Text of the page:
Pujita was initially mobilized to put on the teach-in after the attacks on Jawaharlal Nehru University (JNU) in New Delhi on Jan. 5, in which 50 masked people, later identified as members of the right-wing Hindu Raksha Dal, beat students and faculty with iron rods and acid bottles, vandalizing property and “specifically targeting Muslim and Kashmiri students.”
“[It was] an act of unprecedented terror that happened on campus,” Pujita said. “I spent six years there and all my political upbringing has been [from there], and I endow all my life and existence to that campus. So that was at once feeling helpless, being away, but also wanting to do things here and tell people what’s going on back home.”
Several speakers from the teach-in drew parallels between the situation in India and authoritarianism across the world.
Fourth-year English major Rachel Andrews, a student speaker from UCSB’s Students for Justice in Palestine, compared the military occupation of the Muslim-majority state of Kashmir to the occupation of Palestine.
“Kashmir is considered the most militarized zone in the world. Excessive force is used by the army, even on children, and there are extreme restrictions,” Andrews said. “For example, Kashmir has a curfew, and in a similar way, Palestinians are not able to move freely.”
Article 370, which granted semi-autonomous status to Kashmir and Jammu, a Hindu-majority state, was revoked in August 2019, subjecting the two states to greater Indian influence and control. Following the revocation, the Indian government stationed tens of thousands of troops in Kashmir, suspended telecommunications and banned public movements, according to CNBC.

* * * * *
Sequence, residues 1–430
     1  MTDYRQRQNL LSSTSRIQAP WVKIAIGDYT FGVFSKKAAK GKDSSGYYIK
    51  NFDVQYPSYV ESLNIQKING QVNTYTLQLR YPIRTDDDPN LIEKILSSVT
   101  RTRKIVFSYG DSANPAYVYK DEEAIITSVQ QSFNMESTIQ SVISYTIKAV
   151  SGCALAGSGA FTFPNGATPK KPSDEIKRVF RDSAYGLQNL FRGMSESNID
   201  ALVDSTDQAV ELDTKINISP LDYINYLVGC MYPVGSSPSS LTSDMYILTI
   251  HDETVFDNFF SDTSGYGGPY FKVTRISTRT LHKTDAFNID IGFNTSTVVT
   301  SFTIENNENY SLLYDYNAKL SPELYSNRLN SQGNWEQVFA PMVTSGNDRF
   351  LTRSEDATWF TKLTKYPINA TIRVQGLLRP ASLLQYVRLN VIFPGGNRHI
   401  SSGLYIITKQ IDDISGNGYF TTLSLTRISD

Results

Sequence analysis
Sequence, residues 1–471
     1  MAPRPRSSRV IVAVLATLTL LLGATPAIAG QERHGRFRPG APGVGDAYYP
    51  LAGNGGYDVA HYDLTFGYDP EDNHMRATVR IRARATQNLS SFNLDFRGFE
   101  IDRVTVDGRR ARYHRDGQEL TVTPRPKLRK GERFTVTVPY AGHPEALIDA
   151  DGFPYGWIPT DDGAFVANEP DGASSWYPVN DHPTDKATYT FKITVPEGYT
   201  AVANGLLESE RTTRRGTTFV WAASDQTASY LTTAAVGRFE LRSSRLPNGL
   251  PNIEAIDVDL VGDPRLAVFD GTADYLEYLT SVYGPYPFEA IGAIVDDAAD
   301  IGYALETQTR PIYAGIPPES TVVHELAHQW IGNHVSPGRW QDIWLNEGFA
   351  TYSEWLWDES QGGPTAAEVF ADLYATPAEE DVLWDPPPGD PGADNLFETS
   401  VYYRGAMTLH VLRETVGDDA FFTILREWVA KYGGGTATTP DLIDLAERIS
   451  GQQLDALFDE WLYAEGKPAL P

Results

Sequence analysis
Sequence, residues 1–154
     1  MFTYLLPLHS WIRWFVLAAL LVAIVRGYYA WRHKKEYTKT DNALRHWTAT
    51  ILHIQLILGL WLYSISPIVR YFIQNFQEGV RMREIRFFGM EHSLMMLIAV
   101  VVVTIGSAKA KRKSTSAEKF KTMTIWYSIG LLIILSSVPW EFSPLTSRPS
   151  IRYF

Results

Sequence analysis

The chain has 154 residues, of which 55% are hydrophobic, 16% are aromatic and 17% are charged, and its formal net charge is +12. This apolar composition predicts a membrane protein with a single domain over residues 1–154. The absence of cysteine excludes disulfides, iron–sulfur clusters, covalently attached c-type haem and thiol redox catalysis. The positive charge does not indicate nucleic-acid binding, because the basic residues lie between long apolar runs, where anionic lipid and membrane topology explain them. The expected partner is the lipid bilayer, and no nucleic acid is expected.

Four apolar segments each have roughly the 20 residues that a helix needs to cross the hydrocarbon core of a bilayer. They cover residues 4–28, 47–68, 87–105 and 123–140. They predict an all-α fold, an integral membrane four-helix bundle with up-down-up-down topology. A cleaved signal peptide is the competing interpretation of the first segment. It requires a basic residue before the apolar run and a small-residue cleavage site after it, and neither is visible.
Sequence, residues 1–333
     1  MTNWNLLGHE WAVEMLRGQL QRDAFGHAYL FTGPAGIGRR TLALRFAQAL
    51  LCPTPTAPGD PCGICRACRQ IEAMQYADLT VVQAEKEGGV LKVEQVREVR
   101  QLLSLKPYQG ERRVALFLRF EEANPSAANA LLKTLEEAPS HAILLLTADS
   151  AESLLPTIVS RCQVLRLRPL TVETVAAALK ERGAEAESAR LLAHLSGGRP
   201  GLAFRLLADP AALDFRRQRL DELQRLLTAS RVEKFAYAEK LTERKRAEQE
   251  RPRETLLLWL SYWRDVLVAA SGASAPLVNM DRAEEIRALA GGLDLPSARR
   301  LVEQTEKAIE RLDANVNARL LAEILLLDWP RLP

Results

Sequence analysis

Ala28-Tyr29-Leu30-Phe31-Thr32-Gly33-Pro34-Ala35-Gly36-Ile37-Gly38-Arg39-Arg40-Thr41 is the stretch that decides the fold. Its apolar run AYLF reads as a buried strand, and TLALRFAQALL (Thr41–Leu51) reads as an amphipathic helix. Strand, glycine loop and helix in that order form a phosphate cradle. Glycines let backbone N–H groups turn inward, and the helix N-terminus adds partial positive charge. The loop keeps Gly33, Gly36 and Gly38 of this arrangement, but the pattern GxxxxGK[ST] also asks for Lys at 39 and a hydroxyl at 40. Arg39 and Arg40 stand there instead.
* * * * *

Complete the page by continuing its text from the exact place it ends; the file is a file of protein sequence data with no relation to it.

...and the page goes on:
Fourth-year global studies and philosophy major Alia Reynolds, another student speaker from UCSB’s Students for Justice in Palestine, warned that the same pattern of “danger, hatred and persecution” will continue to spread across the world and the United States.
“If we do not engage in the advocacy, policy, prevention, restructurement and revolution that is available to us now, we will fall into the same pattern,” Reynolds stressed. “If we do not fight for the rights and lives of those around the world who are currently being denied those rights or tortured or killed for fighting for them, who will fight for us when our time comes?”
Other speakers expressed hope through the multidimensional student movement emerging out of the Bharatiya Janata Party (BJP)’s exertion of authoritarian power.
Bishnupriya Ghosh, chair of the global studies department, expressed hope for the college students across India that have been launching protests at their universities, most recently after the passage of the CAA in December, and fighting to reestablish India as a secular, democratic republic.
“As the attacks on the universities have continued, [at] many universities, there’s been a broad coalition, visibly between Muslims, between Dalits [and] between women and students,” Ghosh said in her speech. “It’s a coalition which is extraordinary because it goes across ethnic and linguistic grounds, religious borders, castes and generations.”
For Raghu, the teach-in at UCSB was an urgent call-to-action for people to care about “these oppressed millions who have taken to the streets” in India.
“I’ve felt a keen sense of desperation over the past few weeks … over the past few years, really, as authoritarianism has gained momentum in India,” Raghu said. “And I’ve tried to use that sense of desperation to bring others into the struggle.”
A version of this article appeared on p. 1 of the Jan. 30, 2020 print edition of the Daily Nexus.